Saturday, November 22, 2008

The Heart of an Orphan- Part 1


When Laura Beth and I first came to New Hope Uganda in 2002, we were a part of the first class of the New Hope Institute of Childcare and Family. Needless to say, the course rocked our worlds (or we wouldn't be working with it as passionately as we are!). One of the most powerful teachings came to us from one of the sons of New Hope named Paul Kusuubira. Paul walked us through his own story growing up as an orphan. He then opened up for us what he called the "orphan heart". It was a teaching that was both eye-opening and heart-rending. Eye-opening because suddenly I realized why the kids I was trying to work with at New Hope met me with such resistance, why they did the things that they did and why they responded like they responded to different situations. I also realized that the kids that I had worked with for four years in Cabrini Green (government housing projects in Chicago) were fatherless (orphans), which was KEY for me looking back and trying to understand the hearts of the kids I had wrestled with for those years.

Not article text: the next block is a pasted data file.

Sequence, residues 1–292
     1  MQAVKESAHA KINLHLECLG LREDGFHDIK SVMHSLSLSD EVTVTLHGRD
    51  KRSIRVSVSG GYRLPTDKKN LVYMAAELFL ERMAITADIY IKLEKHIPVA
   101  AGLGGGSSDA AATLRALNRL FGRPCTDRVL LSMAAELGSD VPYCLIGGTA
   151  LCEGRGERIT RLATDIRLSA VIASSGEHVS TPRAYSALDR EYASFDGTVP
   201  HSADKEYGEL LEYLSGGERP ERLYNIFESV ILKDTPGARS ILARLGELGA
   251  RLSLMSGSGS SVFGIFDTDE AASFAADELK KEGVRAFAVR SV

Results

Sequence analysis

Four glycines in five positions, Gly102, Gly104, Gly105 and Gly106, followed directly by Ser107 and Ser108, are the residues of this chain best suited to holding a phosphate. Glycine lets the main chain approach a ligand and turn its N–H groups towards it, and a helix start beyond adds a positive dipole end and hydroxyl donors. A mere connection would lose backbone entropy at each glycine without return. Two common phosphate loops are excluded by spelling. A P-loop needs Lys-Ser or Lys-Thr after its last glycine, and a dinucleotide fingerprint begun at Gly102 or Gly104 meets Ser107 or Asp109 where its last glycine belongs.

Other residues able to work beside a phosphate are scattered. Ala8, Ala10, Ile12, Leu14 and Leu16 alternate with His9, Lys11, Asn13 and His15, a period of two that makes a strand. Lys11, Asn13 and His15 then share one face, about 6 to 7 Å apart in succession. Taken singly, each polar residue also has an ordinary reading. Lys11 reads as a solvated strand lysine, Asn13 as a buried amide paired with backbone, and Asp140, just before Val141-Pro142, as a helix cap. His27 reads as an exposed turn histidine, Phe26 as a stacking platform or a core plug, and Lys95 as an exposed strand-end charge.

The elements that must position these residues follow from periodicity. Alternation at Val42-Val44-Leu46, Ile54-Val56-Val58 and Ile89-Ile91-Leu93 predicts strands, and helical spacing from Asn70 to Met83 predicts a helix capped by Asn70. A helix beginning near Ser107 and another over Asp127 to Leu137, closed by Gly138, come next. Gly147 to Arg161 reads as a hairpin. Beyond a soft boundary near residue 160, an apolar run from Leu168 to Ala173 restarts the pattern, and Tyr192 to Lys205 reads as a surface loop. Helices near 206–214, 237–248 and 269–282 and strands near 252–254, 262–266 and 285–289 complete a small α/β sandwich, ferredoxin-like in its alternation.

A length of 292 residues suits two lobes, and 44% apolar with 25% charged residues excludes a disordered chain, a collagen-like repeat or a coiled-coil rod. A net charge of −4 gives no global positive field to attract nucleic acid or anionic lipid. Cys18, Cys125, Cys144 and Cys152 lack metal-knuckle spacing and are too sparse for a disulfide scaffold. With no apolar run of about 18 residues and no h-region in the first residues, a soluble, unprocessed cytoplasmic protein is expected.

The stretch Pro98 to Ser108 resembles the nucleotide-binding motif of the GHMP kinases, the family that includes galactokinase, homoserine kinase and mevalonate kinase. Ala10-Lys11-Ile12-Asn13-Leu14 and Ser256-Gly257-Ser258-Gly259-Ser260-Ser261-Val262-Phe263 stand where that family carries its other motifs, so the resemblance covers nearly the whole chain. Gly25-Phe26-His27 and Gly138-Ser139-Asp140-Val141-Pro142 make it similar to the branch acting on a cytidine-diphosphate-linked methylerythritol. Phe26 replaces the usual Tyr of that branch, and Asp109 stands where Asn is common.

Paul's teaching was heart-rending because I realized that the heart of an orphan is simply the human heart, the sinful human heart, drawn out in specific ways because of the circumstances of becoming orphaned, and in that my own heart was also revealed. The Gospel became so much bigger to me as a result, something I hope to draw out in the following posts.

But let me begin by simply putting Paul's story here so you can understand a bit better the characteristics of the "orphan heart" that I will post next. Here's Paul's story: